Team GB have not set a medal target for the upcoming Tokyo Olympics but they’ll be hoping to make more golden memories regardless.
Chef de mission Mark England says the Covid-19 pandemic has made it impossible to predict how competitive the British athletes will be this summer.
While some will understandably struggle due to the issues of the past 18 months, others will no doubt rise to the occasion and claim glory.
Following on from some difficult performances at the Games, Team GB have been superb at the last three Olympics.
They claimed 19 golds in a total of 51 medals at the 2008 Games in Beijing and they excelled on home turf at London 2012, winning a record 29 golds in a total of 65.
The British team then claimed their biggest ever medal haul at the 2016 Games in Rio, winning 67 medals, 27 of which were gold.
All-time Summer Olympic Games medal table
United States: 1,022 golds, 2,523 total
Soviet Union: 395 golds, 1,010 total
Great Britain: 263 golds, 851 total
France: 212 golds, 716 total
Germany: 191 golds, 615 total
Italy: 206 golds, 577 total
China: 224 golds, 546 total
Australia: 147 golds, 497 total
Sweden: 145 golds, 494 total
Hungary: 175 golds, 491 total
The last Olympics saw Team GB finish behind only the USA in the medal table, beating China, Russia and Germany into second.
It was their greatest performance since the 1908 Games where only 22 nations competed.
Tokyo will represent plenty of challenges for the British athletes but they are set to take a team of 375 to Japan – nine more than went to Rio.
The nation will be hoping for as many medals as possible and Team GB will have plenty of star names in action.
10 Team GB stars set to shine in Tokyo
Having surged under 57 seconds and set the 20 fastest times in history, Peaty appears a virtual certainty to defend his 100m breaststroke title – more than likely with a new world record into the bargain. Such is the extent of his dominance that his rivals are already resigned to battling it out for silver.
The Edinburgh shooter heads to Tokyo as the reigning world number one and 50m prone world champion, and a strong medal bet in the women’s 3×50 rifle event. McIntosh, who will also compete in the 10m air rifle, also won Britain’s first World Cup gold in 2019.
Already the fastest British woman in history, Asher-Smith has a habit of rising to the big occasion and she will need to be in the form of her life in Tokyo to see off American Gabby Thomas, who set the second-fastest time in history over 200m at the US trials, and veteran Jamaican Shelly-Ann Fraser-Pryce who did likewise in the 100m in Kingston.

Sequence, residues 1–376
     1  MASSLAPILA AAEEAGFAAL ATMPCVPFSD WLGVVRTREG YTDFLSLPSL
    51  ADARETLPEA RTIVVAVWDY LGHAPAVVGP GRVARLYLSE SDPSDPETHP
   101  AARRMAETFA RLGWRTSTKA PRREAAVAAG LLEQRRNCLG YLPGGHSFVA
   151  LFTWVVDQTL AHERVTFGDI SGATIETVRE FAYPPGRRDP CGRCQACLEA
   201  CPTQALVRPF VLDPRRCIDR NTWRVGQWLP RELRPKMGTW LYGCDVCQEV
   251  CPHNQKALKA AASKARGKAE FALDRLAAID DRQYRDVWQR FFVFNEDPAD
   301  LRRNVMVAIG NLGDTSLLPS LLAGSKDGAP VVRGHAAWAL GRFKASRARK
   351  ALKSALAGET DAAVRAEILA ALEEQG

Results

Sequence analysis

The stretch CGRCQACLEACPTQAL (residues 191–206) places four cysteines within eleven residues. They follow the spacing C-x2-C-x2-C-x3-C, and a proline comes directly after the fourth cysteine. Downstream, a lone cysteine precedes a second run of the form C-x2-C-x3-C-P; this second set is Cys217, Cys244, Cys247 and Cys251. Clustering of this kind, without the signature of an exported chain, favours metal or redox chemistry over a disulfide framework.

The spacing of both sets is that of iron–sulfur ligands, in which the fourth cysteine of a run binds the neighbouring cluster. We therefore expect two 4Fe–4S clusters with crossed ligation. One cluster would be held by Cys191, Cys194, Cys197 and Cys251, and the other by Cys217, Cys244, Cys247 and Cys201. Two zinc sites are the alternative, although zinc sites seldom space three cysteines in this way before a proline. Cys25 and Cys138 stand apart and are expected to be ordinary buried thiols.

McCormack has proved a class apart from most of his Olympic rivals over this extended cycle and will start as a clear favourite for welterweight boxing gold. His recent win over Russia’s Andrey Zamkovoy – who denied him world gold in 2019 – was a clear sign of his intent to go all the way in the Japanese capital.
Jason and Laura Kenny
History is on the cards for cycling’s golden couple in Tokyo. Laura Kenny sits one behind Dame Katherine Grainger’s five-gold medal haul on the domestic all-time list, while Jason currently boasts seven Olympic medals, one short of Sir Bradley Wiggins’ career tally of eight, with every chance both records will at least be matched.
After claiming two extraordinary gold medals in Rio, Whitlock has restricted his focus to his favoured pommel for Tokyo. Despite his recent fall on his return to competition at the European Championships, the 28-year-old will start as favourite – but could be pushed all the way by Ireland’s rising star Rhys McClenaghan.
Brown, who turns 13 this month, will become Britain’s youngest summer Olympian when she competes in the skateboard park competition. But the young prodigy stands every chance of a medal, having qualified in third place and also claimed a World Championship bronze medal in Sao Paolo in 2019.
Glover won consecutive rowing gold medals with Heather Stanning in 2012 and 2016 before retiring to start a family. Tempted to launch a return, Glover and her new partner Polly Swann stormed to European gold in April, raising the prospect of a remarkable third medal for the 35-year-old in Japan.
Jones was a teenager when she won her first Olympic taekwondo gold at London 2012, and followed up her triumph in Rio four years later. Now 28 and also the reigning world champion, Jones is a hot favourite to secure an unprecedented third consecutive Olympic title.